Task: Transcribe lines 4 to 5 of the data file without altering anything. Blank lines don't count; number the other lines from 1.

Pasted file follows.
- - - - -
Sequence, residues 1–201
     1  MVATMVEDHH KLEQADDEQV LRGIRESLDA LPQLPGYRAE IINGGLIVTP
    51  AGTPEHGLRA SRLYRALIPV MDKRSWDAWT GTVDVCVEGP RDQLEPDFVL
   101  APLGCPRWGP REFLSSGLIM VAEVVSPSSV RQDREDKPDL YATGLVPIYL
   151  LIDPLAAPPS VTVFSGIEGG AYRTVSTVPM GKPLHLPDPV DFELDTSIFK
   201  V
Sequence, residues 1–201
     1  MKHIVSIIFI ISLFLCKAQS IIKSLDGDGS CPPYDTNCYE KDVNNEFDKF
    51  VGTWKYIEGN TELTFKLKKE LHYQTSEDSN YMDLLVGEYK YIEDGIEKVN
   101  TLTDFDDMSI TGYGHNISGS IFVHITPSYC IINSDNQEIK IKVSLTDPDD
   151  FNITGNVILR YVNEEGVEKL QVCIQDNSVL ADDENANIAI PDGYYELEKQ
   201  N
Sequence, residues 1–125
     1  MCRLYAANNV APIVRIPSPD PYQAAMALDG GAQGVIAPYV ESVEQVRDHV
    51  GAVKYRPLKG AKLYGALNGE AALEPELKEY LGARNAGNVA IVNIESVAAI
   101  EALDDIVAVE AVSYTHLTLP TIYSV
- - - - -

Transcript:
   101  APLGCPRWGP REFLSSGLIM VAEVVSPSSV RQDREDKPDL YATGLVPIYL
   151  LIDPLAAPPS VTVFSGIEGG AYRTVSTVPM GKPLHLPDPV DFELDTSIFK